Well, then is a proper Christian approach to truth simply a chastened modernity, a humble objectivism? So Walsh and Keesmaat are asked in Colossians Remixed.
We are looking at Colossians Remixed and we come again to the question about whether or not truth is “objective.”
One of the more potent questions folks ask postmodernists is if truth is anything more than, or other than, a rhetoric used by those in power to justify their power? Walsh and Keesmaat address the so-called “objectivity” of truth in […]
What is truth? is the question that shapes chp 7 in Walsh and Keesmaat’s Colossians Remixed. The concern of this book is to explore postmodern questions by reading Colossians; they do this creatively and in a variety of ways and […]
But this suggestion of a suffering God and a creation-affirming God of redemption … does this story get carried on by Paul in Colossians or is his gospel the fullness of that gospel? So, we turn to the end of […]
Now we are to the big question in Walsh and Keesmaat’s Colossians Remixed: Is Paul’s gospel, especially since it counters the philosophy’s “gospel,” just another rhetorical power play? Is it just another constructed regime of truth?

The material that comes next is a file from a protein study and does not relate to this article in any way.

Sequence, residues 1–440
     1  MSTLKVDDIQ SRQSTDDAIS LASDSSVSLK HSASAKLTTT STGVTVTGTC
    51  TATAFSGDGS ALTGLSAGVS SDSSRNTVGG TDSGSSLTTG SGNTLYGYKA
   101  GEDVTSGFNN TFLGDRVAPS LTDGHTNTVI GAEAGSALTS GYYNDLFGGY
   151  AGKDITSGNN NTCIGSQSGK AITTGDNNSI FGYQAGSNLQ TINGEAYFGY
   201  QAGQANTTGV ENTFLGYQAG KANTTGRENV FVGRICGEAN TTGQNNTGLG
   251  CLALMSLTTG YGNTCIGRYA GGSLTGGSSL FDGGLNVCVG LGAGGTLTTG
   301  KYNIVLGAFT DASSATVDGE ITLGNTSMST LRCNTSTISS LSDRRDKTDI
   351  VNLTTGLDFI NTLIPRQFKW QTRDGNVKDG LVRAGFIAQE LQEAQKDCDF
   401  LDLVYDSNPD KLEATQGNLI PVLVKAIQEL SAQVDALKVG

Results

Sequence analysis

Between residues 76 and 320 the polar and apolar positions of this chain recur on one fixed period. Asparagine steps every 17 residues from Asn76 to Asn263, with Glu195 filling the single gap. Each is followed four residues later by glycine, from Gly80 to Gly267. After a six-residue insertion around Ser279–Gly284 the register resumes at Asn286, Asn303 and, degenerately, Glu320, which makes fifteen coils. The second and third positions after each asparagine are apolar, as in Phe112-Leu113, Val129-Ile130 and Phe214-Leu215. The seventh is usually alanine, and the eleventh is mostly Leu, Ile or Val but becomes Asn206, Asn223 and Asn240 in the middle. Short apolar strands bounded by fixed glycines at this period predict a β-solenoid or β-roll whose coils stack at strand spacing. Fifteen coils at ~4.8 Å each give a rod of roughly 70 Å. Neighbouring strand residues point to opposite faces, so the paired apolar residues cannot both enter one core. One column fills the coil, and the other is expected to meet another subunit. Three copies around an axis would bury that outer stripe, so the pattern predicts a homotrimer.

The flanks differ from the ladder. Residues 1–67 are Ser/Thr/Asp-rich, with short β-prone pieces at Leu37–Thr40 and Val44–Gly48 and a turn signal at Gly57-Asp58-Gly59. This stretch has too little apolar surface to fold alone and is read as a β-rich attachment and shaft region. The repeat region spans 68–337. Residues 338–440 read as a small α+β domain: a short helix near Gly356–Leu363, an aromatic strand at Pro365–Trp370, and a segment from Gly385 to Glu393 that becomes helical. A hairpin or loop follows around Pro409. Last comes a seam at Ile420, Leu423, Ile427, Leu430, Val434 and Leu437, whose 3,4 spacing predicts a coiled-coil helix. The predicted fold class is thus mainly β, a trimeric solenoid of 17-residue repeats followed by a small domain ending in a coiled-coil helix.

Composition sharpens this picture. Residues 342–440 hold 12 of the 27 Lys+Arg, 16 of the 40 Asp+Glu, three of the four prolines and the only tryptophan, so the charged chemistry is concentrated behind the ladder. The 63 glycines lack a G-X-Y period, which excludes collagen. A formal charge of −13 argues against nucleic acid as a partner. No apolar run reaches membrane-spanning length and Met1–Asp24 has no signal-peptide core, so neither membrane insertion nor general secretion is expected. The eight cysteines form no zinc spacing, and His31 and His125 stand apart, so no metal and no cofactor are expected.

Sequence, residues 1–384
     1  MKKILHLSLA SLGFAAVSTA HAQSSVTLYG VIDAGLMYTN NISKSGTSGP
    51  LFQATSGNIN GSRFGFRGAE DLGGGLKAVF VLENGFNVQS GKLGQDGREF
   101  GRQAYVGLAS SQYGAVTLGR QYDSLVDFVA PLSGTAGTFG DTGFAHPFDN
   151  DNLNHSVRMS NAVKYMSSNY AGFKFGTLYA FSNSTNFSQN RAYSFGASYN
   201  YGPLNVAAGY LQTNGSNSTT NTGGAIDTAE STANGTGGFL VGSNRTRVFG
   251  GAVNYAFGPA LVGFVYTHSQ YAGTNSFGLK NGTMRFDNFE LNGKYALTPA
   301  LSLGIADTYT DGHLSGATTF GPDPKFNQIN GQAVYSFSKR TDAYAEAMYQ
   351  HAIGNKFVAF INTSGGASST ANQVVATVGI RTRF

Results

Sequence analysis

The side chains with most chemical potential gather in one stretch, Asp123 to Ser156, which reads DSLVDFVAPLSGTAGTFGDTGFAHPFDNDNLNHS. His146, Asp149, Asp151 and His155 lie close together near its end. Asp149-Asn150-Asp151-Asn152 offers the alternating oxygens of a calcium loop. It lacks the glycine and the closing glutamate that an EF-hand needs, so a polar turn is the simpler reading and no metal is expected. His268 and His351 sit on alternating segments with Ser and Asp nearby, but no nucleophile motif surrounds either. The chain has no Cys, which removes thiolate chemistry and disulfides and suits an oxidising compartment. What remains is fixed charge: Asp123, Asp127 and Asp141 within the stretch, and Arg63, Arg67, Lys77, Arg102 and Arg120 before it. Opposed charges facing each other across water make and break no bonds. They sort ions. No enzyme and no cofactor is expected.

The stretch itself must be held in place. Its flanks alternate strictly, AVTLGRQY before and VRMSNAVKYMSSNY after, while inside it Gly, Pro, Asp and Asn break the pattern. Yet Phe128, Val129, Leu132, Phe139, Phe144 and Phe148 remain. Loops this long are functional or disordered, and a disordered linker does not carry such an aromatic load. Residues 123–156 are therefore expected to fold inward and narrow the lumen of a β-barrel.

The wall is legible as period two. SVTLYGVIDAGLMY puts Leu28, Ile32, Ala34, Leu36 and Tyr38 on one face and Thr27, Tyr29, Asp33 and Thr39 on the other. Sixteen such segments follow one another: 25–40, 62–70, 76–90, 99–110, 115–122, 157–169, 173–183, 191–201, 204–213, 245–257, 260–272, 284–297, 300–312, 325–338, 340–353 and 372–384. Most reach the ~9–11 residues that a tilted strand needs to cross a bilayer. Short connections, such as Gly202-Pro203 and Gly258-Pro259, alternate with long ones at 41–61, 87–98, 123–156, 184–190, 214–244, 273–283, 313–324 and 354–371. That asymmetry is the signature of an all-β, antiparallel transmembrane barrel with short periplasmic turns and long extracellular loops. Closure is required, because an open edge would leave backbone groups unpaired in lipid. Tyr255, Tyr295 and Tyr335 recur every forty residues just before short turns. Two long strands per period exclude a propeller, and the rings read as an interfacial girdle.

In Walsh-Keesmaat,Colossians Remixed, we are exploring how a postmodern world can grapple with Paul’s “totalizing” worldview in Colossians.
So, we remind ourselves from yesterday, what are we to make of Colossians in a postmodern world if Colossians is a worldview text? Another piece of the puzzle we find in Walsh and Keesmaat, Colossians Remixed.
“Regimes of truth” and the “word of truth” is the subject of chp 6 in Walsh and Keesmaat, Colossians Remixed. The chp begins with this statement: “The Colossian Christians had trouble on both sides. To many Jews they were heretics, […]
W-K, in Colossians Remixed, make the observation that many try to see the “thrones and dominions” (shorthand for the four terms found in Colossians 1:16) in either exclusively political or spiritual (angels, etc) terms.